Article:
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In a recent online survey conducted by the Australian Association of Psychologists inc. (AAPi) 80% of respondents were opposed to the 2 tier Medicare system, and believed that equitable rebates should be available to clients of all registered Medicare providers.
When asked about the new Psychology Board of Australia’s (PBA) intention to distinguish between “endorsed” and “non endorsed” psychologists 76.2% of respondents believed that this represented an erosion of their qualifications.
“On 7th June the Association wrote to the PBA seeking clarification of the status of “endorsed” and “non endorsed” psychologists” Paul Stevenson, AAPi President said. “We particularly asked for details of the transition arrangements for non APS College practitioners, and if they will be “grandfathered” into “endorsed” status. Regrettably, in its first opportunity to display some leadership for the profession the PBA let down its constituents, and not only failed to respond to our inquiry but did not even pay the Association the courtesy of acknowledging receipt of our letter”
In a stinging rebuke of the system that results in GP’s receiving more than 50% of the Better Access Scheme’s Medicare funding for referring patients to psychologists, 86.2% of respondents indicated that GP’s should be reimbursed for referrals under their consultations funding and not from the mental health funding.
“This survey vindicates the position of AAPi in calling for the abolition of the 2 tier Medicare scheme, and for substantially more funding being made available on an equitable basis for the treatment of psychological conditions in the most vulnerable in our community” Paul Stevenson said.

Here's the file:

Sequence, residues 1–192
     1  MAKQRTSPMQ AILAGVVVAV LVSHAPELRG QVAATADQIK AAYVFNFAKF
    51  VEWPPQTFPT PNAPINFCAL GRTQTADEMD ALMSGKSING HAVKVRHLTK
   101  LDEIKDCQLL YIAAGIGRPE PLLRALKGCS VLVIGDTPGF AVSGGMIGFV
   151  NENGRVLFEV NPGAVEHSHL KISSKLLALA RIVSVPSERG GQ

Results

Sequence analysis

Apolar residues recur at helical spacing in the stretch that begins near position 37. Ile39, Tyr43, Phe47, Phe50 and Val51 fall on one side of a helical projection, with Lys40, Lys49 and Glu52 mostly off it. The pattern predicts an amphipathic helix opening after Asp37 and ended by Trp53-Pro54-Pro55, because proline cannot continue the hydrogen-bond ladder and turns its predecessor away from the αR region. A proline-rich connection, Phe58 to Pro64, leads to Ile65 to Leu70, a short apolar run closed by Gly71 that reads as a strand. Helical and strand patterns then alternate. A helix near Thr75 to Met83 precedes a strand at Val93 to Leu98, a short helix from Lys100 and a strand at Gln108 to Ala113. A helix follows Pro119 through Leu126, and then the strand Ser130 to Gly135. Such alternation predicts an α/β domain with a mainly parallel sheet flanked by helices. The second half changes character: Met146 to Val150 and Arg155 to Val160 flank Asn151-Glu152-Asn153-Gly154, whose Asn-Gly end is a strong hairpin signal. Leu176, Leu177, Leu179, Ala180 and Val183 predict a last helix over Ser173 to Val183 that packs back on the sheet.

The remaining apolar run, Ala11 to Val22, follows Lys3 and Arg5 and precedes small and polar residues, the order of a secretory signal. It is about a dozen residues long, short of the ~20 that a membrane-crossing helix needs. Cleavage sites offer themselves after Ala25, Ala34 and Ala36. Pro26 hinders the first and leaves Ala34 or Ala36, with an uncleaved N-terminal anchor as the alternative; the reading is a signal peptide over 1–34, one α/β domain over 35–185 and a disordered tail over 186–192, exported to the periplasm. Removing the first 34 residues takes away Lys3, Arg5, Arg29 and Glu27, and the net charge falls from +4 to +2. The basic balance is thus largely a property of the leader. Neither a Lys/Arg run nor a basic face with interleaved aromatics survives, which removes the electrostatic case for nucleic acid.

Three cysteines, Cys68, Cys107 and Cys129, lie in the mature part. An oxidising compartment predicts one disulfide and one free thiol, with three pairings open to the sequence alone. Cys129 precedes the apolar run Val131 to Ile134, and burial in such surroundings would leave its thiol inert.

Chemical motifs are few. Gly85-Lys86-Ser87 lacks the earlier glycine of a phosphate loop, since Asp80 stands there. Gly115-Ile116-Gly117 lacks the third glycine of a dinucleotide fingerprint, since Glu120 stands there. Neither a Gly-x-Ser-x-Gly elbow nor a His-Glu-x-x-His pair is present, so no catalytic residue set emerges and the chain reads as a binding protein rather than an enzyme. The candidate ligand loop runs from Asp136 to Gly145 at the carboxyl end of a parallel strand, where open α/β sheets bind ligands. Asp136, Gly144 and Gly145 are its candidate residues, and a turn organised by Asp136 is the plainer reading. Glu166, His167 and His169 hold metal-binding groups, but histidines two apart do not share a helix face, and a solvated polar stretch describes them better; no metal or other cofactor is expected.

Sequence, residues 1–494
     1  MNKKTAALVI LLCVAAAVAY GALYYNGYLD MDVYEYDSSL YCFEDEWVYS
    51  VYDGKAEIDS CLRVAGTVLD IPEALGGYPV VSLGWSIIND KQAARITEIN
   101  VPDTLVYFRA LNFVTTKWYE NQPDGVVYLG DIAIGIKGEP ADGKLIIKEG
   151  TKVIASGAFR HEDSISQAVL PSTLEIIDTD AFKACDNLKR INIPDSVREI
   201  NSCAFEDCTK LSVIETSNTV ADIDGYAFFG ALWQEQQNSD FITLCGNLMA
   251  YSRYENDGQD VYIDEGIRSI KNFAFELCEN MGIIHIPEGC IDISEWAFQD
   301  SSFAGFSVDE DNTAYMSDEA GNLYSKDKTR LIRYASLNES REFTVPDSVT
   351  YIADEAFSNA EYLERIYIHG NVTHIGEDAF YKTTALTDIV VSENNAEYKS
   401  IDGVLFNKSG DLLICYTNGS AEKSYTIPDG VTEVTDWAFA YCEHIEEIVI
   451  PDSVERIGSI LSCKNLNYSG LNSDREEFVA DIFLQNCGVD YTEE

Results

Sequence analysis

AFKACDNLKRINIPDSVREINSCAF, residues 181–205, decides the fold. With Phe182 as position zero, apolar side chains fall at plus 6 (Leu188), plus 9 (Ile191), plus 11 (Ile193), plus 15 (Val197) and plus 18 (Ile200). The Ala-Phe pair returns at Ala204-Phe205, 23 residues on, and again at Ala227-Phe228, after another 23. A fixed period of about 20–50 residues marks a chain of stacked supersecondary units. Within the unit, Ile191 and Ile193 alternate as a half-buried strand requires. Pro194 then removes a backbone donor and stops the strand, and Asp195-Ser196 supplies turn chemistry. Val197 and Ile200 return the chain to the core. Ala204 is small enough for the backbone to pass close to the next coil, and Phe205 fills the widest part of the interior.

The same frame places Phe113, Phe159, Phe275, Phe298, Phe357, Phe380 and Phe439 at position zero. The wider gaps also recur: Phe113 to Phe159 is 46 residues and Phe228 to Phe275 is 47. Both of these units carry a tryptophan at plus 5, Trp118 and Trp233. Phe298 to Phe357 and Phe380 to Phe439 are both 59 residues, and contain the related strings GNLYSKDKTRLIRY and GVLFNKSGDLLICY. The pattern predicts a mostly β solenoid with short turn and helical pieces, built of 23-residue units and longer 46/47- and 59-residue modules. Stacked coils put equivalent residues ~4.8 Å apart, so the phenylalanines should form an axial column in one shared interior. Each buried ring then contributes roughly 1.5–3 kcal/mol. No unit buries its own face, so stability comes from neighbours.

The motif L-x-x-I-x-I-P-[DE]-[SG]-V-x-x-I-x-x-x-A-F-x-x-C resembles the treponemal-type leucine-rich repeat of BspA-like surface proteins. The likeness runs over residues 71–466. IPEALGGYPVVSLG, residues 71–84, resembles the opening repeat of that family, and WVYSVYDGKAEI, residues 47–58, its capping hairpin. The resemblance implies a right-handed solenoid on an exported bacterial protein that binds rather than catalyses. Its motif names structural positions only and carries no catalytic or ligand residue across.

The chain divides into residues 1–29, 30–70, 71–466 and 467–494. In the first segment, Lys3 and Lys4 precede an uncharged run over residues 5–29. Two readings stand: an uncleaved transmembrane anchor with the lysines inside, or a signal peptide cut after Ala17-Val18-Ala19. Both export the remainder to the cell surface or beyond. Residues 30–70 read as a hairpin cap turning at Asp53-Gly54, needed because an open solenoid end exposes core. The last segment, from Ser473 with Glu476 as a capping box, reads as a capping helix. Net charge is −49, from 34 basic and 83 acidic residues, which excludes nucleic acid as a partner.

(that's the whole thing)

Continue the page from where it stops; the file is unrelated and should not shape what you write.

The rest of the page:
Further endorsement of the AAPi came in the form of 84.6% of respondents wanting AAPi to promote professional development training programs, and 76.2% wanting the Association to take on a social advocacy role. The majority of respondents wanting the Association to concentrate on social issues in general.
Half of the respondents contributed comments on a variety of issues, many referring to the over prescribing of medication; however the majority of comments could be summarised by the following contribution:-
“Work towards gaining the acknowledgement of relevant bodies (e.g., Medicare) that psychologists who do not have a 'clinical masters' have relevant experience, that the professional development they have completed over the years is relevant study, and that there is no evidence that the clinical masters programmes run by universities provide better skilled aspiring psychologists than other legitimate avenues. It could be that those with a 'clinical masters' are less competent at the completion of their masters than those who have taken the 4 + 2 route, currently we don't know. It is very doubtful that a recent clinical master's graduate is more competent than an experienced 'generalist' psychologist, whatever route they have taken to attain their registration.”
Author Paul J Stevenson OAM, President AAPi
New Board Members to be announced soon.